The 1996 champion took to Twitter to make his feelings known on Mercedes and Ferrari's threat to quit F1
If you don’t follow Damon Hill on Twitter, you really should. Not only is he very active, but his dry humour and sarcastic wit often make for very entertaining reading. On top of that, he’s also more than happy to speak his mind about things, and it’s that which that led to a little bit of drama before the Australian GP.
Ferrari’s threat to quit F1 over the proposed 2021 regulations are well-known, but Mercedes is also less than happy and has hinted that it could also reevaluate its position in the sport if things don’t change.
Damon is pretty sick of two of F1’s biggest and most successful teams trying to ensure that future regulations do as little as possible to threaten their position at the top, claiming that it’s “ruining the sport”.
That prompted this response from Mercedes…
To which Damon replied…
Williams did indeed dominate much of the 1990s with factory Renault engines. However, there’s a huge difference between back then, when a privateer team with manufacturer money could be successful in an era where pretty much every team was a privateer, and today, where you really need to be a full-blown manufacturer team with almost bottomless funds in order to even get close to the front.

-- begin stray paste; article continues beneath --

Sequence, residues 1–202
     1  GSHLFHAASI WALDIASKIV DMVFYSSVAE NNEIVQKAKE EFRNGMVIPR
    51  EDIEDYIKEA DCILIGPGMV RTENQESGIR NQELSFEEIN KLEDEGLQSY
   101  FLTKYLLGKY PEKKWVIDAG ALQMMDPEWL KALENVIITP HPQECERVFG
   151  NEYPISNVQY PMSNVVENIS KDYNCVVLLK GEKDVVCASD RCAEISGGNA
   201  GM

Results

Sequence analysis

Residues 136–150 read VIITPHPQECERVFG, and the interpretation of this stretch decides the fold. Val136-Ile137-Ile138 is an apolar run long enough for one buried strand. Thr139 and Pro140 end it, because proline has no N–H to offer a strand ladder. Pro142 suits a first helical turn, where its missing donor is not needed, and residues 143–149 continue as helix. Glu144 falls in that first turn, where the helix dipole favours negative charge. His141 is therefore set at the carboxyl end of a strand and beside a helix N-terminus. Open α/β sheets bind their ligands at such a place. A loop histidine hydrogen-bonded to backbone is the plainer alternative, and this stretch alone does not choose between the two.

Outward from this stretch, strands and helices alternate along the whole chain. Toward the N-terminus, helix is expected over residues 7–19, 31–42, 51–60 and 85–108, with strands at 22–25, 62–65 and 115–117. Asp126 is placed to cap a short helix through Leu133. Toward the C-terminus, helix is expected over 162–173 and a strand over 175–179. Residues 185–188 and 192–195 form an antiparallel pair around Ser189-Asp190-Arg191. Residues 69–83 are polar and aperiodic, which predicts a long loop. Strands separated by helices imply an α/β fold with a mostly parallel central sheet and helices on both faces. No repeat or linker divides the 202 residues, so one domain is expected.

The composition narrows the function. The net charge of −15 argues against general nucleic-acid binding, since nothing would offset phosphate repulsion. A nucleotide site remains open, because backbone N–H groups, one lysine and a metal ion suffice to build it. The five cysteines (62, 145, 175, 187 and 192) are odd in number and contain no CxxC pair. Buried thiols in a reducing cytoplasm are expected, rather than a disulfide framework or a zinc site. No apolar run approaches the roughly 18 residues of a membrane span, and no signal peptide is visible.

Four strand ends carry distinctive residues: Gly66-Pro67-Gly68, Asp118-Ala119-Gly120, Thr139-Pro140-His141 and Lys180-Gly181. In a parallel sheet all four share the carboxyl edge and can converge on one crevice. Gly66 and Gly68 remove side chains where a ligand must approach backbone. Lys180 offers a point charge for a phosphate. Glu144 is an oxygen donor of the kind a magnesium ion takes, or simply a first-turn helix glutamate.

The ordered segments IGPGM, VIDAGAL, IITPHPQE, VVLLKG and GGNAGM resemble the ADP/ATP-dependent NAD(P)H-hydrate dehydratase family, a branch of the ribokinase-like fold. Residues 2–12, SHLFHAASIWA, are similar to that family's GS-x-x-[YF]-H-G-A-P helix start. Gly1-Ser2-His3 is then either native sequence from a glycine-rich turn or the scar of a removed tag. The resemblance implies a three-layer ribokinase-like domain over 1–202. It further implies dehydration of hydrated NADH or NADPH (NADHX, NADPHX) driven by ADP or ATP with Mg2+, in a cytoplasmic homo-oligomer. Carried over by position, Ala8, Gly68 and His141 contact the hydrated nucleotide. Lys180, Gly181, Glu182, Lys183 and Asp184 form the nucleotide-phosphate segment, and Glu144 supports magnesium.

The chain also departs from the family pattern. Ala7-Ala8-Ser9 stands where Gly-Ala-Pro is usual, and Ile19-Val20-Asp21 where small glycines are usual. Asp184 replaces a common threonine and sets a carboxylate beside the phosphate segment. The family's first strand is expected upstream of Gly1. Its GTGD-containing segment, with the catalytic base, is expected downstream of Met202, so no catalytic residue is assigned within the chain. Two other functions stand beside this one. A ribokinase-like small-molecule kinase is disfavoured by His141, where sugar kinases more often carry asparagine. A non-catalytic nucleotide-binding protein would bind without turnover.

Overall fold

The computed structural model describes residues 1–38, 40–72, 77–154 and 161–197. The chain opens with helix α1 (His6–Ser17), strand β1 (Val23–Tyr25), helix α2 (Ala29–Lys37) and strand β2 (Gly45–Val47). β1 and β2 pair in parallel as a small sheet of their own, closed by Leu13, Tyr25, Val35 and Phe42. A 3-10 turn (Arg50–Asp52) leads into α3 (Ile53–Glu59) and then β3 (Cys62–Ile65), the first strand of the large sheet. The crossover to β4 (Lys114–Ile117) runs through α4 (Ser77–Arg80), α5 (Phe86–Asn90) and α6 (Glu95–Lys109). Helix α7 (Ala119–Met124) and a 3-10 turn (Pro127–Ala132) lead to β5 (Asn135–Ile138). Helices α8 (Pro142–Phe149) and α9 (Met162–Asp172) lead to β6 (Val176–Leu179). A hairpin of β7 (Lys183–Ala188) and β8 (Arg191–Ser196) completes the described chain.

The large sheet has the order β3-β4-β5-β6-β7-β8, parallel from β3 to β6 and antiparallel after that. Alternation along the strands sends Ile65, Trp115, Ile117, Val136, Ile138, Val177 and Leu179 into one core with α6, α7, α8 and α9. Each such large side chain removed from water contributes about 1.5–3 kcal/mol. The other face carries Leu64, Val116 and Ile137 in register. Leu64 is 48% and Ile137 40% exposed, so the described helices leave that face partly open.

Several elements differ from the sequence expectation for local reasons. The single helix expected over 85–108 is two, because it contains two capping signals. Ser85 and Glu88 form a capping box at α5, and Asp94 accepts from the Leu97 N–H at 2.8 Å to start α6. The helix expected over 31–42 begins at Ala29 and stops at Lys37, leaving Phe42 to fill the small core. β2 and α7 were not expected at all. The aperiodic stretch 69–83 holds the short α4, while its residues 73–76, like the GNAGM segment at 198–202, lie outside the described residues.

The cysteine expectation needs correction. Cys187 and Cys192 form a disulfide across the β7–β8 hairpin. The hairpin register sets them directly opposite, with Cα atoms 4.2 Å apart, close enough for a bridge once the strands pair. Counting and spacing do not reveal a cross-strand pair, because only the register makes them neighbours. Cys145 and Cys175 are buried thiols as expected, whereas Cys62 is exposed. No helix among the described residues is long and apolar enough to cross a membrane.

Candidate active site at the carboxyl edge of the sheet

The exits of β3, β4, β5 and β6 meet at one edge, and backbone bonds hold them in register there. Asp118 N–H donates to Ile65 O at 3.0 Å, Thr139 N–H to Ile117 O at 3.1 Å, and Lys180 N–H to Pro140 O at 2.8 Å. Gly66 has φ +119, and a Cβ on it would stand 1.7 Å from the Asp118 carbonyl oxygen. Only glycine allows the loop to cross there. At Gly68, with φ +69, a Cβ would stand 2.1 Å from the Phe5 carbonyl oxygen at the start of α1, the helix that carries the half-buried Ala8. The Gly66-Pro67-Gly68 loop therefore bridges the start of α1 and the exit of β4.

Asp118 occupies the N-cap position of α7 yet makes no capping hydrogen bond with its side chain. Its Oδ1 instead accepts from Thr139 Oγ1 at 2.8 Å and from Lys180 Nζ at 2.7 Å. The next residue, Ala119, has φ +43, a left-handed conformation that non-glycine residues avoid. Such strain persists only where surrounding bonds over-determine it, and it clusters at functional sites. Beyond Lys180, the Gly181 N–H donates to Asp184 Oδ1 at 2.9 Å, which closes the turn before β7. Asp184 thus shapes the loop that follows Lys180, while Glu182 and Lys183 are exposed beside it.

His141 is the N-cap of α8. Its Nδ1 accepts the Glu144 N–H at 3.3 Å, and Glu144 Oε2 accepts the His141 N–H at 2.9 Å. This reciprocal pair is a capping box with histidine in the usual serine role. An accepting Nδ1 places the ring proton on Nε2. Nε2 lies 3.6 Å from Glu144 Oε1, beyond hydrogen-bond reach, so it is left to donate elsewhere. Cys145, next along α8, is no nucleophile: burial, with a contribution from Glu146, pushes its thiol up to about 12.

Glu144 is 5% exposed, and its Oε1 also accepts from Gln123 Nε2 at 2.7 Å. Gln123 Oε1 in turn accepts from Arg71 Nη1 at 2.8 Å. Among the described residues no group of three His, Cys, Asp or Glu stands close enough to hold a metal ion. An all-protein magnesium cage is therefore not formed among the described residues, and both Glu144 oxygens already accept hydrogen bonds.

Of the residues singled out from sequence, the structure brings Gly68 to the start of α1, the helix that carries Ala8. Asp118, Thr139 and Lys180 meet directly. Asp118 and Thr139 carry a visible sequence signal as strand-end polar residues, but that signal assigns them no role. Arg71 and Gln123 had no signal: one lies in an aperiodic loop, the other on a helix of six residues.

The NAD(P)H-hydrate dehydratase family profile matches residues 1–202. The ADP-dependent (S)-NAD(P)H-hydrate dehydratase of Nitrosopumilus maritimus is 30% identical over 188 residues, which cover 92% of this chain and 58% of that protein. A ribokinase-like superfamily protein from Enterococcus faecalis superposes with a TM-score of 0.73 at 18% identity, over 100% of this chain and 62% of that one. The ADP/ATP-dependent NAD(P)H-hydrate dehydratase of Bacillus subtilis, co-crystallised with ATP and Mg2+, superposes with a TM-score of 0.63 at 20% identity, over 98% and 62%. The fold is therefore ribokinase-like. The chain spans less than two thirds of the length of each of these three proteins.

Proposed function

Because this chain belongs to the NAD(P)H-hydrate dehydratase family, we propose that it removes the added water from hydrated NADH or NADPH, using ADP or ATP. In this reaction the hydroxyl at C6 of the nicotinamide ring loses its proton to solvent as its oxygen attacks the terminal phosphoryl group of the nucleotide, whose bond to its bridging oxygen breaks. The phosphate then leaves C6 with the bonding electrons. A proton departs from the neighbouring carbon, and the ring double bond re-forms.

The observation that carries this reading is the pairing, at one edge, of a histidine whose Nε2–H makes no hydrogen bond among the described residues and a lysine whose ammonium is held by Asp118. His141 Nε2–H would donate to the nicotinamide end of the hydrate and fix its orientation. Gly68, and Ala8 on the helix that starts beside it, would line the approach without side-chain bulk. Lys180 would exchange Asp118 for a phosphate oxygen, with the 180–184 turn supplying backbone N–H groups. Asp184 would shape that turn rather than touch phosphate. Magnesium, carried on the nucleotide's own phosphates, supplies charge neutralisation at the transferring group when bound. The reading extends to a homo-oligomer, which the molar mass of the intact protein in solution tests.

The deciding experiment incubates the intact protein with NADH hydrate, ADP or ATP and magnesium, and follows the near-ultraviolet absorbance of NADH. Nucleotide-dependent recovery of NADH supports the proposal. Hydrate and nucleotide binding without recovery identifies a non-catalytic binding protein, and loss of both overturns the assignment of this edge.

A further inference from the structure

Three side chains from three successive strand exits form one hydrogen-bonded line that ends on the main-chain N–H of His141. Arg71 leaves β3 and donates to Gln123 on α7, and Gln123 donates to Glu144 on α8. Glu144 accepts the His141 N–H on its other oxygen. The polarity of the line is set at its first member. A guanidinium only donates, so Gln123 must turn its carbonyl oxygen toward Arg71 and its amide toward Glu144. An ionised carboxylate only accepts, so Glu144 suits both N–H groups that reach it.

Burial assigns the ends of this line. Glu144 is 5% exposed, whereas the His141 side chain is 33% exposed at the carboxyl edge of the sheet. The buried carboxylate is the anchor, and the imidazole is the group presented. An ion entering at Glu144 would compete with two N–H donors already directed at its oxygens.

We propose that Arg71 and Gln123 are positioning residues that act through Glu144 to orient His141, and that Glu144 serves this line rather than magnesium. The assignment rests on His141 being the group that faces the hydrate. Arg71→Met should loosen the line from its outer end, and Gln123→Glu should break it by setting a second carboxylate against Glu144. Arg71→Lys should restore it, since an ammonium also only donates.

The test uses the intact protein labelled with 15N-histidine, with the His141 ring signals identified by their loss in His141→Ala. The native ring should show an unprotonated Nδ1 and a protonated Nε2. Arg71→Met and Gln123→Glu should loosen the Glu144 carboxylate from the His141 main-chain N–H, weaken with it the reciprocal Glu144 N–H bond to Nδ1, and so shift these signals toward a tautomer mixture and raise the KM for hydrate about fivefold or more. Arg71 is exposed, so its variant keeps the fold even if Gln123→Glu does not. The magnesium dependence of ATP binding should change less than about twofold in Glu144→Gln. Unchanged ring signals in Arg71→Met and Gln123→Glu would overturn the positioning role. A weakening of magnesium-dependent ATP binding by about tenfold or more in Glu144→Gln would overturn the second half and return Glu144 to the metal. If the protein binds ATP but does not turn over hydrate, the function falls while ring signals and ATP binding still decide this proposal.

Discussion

For a long time now, teams have held a surprising amount of power when it comes to rule-making, so when the FIA comes up with a future that doesn’t suit those teams, why wouldn’t they do everything in their power to change it? That’s what Hill takes issue with. He subsequently told Motorsport.com that the FIA needs to take a stand against teams trying to dictate the future of F1.
“I just think it’s a negotiation tactic. Would they be prepared to compete in a championship where they wouldn’t have such favourable conditions? Where they had conditions that were more equal? If they’re not prepared to do that, maybe they shouldn’t be here.
“If you’re going to bring such enormous resources, someone has to set the rules. Someone has to at least say ‘OK we can’t let that go on, we have to bring into play some sort of boundary’. That’s the FIA’s job, and they don’t have the power to do it because it was relinquished.”
It seems highly unlikely that Ferrari or Mercedes would follow through with their threats. We’ve got a few more years of this yet before any decisions get made, though, so expect plenty more political stand-offs to come.